KINGSTON, Jamaica, Tuesday April 8, 2014, CMC – Jamaica has called for a regional approach to the fight against the introduction and spread of the chikungunya disease.
Health Minister Dr Fenton Ferguson participating in a briefing to launch World Health Day 2014, which is being observed Monday with the theme “Small Bite, Big Threat” said there is no treatment or vaccine for disease spread by the Aedes aegypti mosquito and the only effective means of prevention is to protect individuals from mosquito bites.
Symptoms include a sudden high fever, severe pain in the wrists, ankles or knuckles, muscle pain, headache, nausea, and rash. Joint pain and stiffness are more common with chikungunya than with dengue.
The symptoms appear between four to seven days after the bite of an infected mosquito. The majority of clinical signs and symptoms last three to 10 days, but joint pain may persist longer. Severe cases requiring hospitalisation are rare.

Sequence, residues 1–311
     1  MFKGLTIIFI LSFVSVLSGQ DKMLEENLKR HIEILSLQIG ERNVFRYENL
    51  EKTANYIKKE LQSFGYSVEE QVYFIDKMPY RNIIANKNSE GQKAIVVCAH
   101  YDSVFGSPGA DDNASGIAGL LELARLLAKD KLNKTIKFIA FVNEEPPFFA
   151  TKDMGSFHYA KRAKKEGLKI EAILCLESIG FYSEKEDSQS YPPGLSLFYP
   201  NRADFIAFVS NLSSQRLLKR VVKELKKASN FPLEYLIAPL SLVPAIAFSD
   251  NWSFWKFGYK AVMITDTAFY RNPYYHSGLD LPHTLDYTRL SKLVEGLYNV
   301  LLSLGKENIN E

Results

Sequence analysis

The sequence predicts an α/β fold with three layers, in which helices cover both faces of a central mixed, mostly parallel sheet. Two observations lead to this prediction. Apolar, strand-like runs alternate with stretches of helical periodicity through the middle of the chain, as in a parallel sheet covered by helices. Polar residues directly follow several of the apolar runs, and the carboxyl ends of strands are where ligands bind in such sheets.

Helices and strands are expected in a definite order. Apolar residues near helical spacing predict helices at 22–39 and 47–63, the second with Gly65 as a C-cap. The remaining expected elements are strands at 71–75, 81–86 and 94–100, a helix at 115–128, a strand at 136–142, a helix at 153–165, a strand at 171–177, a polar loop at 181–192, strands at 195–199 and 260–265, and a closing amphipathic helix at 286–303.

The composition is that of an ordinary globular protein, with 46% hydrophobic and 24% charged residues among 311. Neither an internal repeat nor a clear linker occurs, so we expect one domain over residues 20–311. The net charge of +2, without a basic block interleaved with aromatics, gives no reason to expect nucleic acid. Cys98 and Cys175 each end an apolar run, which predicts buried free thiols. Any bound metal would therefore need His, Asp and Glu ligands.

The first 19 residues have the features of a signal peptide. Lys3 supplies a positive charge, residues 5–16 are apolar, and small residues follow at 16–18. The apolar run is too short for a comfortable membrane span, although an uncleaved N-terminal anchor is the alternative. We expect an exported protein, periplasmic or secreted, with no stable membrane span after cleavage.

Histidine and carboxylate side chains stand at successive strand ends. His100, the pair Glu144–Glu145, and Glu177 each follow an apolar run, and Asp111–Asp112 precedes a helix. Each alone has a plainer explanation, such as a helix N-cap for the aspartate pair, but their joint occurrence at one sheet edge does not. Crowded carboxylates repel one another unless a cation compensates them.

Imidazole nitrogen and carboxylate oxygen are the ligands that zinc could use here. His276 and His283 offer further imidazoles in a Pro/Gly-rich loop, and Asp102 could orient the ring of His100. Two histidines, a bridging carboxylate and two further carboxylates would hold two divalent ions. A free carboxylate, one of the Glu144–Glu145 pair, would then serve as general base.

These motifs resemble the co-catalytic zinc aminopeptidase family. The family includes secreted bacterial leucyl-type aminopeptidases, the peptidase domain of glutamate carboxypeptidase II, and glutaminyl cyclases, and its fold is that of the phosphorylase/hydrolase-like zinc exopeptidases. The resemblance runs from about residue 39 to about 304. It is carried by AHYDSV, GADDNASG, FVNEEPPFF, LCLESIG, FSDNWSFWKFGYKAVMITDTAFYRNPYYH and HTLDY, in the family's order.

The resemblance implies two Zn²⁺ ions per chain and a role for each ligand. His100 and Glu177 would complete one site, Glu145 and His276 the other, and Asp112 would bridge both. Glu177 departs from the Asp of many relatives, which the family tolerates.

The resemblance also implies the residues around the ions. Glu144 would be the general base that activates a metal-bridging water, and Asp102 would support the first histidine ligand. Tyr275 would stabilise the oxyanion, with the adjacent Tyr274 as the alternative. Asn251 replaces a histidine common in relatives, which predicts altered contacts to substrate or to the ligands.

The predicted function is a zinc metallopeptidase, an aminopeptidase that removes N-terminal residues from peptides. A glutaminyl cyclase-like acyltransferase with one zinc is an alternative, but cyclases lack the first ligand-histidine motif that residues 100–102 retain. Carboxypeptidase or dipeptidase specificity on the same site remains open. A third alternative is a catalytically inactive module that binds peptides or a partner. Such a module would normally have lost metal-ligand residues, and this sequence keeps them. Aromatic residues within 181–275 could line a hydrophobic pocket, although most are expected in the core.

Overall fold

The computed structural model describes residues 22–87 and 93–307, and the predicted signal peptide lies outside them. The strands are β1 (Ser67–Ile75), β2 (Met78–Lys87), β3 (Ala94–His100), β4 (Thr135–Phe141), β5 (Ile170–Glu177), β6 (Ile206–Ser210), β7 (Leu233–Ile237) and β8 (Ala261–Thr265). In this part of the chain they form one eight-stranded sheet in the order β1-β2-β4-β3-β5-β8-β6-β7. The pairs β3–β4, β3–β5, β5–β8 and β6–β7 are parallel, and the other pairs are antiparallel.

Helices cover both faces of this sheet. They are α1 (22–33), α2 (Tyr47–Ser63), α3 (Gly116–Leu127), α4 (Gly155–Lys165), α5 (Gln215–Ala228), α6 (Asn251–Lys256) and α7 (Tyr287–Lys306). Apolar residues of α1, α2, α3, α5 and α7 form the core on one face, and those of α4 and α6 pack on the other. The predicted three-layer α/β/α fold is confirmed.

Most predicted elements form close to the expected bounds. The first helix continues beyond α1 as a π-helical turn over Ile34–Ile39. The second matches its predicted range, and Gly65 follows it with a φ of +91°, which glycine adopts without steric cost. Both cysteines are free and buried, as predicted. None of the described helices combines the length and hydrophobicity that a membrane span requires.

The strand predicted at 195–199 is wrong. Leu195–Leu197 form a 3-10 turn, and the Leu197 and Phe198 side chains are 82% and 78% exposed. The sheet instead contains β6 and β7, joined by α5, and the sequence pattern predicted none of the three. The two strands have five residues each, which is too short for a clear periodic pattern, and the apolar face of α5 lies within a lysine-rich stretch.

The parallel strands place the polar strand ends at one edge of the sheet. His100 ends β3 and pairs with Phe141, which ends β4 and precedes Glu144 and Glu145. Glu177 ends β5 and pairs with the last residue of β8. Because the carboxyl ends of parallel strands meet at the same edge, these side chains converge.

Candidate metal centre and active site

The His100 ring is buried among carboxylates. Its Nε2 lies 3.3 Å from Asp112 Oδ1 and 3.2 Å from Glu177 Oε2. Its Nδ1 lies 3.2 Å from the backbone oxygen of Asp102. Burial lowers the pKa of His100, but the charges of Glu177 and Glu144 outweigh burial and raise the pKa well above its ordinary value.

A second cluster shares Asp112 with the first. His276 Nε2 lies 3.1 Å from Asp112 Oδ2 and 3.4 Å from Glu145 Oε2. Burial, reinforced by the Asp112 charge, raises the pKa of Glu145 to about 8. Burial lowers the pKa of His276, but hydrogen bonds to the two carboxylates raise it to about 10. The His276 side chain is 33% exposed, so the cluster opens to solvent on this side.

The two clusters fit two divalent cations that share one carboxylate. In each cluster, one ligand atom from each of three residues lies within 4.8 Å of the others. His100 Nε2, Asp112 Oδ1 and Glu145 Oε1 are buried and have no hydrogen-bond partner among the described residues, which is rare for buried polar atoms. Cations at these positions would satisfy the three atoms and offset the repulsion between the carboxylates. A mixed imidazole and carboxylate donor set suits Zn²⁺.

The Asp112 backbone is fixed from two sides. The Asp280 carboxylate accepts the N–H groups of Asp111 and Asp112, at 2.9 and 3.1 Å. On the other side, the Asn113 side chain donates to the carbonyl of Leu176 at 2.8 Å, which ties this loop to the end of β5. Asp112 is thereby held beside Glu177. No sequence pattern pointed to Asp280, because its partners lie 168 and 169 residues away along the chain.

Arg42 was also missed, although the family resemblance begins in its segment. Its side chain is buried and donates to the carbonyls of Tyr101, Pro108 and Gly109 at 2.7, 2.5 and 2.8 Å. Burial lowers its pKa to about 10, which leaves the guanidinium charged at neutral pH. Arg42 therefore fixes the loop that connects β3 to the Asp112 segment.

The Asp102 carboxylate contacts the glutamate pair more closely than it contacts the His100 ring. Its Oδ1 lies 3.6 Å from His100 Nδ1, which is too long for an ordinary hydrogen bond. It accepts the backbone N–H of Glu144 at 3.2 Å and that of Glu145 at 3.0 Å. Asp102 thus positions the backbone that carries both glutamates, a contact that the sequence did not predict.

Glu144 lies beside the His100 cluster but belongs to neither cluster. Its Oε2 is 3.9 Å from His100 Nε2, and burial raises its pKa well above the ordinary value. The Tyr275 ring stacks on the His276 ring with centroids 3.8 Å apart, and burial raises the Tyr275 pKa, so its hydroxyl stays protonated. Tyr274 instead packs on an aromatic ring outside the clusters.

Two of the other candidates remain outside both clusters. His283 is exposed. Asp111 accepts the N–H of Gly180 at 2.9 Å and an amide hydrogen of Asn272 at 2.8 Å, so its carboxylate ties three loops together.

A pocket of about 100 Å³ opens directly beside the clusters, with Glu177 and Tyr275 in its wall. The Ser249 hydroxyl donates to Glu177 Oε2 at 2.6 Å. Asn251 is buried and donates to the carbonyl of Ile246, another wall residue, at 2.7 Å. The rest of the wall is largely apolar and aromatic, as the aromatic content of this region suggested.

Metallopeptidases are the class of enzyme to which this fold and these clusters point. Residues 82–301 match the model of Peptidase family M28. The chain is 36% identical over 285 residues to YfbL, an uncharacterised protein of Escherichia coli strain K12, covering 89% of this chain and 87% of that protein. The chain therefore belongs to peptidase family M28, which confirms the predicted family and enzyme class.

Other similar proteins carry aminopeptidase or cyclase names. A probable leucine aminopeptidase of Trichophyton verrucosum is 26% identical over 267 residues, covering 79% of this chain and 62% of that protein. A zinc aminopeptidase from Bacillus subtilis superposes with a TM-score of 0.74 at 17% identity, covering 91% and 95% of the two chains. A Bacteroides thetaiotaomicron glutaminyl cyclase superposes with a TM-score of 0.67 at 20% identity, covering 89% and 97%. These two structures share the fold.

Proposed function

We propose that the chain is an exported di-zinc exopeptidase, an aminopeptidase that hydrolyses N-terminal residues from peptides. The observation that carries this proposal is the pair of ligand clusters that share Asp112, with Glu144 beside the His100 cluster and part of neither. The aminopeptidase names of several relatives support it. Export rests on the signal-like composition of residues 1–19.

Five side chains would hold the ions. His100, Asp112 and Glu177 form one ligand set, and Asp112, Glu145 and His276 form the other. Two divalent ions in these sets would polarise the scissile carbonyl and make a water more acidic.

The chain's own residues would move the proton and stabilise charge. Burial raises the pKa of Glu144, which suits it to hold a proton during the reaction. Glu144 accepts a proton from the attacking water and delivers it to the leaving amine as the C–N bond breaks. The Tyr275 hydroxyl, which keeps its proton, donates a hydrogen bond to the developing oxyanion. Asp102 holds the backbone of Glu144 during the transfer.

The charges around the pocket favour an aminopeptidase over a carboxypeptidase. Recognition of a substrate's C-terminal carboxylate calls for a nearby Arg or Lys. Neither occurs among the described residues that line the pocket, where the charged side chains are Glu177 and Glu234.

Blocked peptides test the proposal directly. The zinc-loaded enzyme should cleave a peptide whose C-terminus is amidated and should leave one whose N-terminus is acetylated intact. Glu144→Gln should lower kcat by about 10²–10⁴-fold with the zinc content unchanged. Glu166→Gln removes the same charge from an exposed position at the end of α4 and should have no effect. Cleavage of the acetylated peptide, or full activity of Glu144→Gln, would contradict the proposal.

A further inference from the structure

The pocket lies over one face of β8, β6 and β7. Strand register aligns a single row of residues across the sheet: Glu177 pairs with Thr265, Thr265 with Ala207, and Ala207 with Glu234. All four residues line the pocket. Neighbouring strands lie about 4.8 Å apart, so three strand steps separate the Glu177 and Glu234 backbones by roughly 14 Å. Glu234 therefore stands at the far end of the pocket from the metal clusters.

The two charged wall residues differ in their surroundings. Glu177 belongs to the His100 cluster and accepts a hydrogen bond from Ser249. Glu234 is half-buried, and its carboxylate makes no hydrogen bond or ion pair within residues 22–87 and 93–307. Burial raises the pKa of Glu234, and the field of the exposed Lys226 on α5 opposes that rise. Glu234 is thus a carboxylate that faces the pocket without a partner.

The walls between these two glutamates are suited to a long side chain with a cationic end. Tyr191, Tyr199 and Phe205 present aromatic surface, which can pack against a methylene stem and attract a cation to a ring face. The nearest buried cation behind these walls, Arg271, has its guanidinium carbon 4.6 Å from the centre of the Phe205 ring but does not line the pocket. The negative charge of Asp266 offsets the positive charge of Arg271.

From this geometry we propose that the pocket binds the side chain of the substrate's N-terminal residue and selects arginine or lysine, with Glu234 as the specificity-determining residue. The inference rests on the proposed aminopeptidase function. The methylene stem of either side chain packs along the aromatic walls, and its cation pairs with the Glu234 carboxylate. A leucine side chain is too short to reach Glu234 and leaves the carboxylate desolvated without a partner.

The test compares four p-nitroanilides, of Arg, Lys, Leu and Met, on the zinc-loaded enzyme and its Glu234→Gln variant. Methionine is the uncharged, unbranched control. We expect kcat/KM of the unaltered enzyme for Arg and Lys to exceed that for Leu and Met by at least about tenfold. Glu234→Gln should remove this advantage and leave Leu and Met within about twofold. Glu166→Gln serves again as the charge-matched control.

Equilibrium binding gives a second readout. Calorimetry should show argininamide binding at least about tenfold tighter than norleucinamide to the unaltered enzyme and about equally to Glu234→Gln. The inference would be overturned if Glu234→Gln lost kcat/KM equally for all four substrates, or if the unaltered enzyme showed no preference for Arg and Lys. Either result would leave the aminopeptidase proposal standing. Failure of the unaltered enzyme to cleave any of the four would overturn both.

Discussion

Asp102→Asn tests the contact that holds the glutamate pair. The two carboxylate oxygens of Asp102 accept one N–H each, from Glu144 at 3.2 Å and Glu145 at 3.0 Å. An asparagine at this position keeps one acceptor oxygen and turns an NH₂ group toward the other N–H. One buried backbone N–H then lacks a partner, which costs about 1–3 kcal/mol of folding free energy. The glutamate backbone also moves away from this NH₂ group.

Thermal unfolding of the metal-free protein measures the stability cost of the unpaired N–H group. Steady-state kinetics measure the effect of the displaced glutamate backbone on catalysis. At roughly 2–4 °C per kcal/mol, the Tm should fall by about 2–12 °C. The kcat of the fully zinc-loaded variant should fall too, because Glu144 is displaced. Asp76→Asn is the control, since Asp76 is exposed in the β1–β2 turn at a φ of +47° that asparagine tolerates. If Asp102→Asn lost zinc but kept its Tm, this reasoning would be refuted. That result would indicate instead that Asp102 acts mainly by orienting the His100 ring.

The first case of the disease in the Caribbean was reported in the French island of St. Martin last year. Since then it has spread to several countries with Dominica and St. Lucia last week urging nationals to adhere to measures to prevent the spread of the disease.
Dr. Ferguson said Jamaica is at risk because of the broad distribution of the vector, as well as the high mobility of persons around the region.
He suggested that all countries in the Americas implement the recommendations of PAHO/WHO in the guidelines entitled: ‘Preparedness and Response for Chikungunya Virus, Introduction in the Americas’. These include detection of cases through establishing and strengthening Dengue surveillance systems; managing cases through training and assessment of impact on society; and implementation of effective public communication strategies. Click here to receive free news bulletins via email from Caribbean360. (View sample)